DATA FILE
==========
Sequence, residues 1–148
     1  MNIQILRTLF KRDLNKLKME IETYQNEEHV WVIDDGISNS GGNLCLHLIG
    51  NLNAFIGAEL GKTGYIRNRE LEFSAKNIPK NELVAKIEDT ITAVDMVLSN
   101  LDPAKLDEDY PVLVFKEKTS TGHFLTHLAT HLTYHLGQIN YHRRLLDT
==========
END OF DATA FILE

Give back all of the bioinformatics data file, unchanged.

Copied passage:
Sequence, residues 1–148
     1  MNIQILRTLF KRDLNKLKME IETYQNEEHV WVIDDGISNS GGNLCLHLIG
    51  NLNAFIGAEL GKTGYIRNRE LEFSAKNIPK NELVAKIEDT ITAVDMVLSN
   101  LDPAKLDEDY PVLVFKEKTS TGHFLTHLAT HLTYHLGQIN YHRRLLDT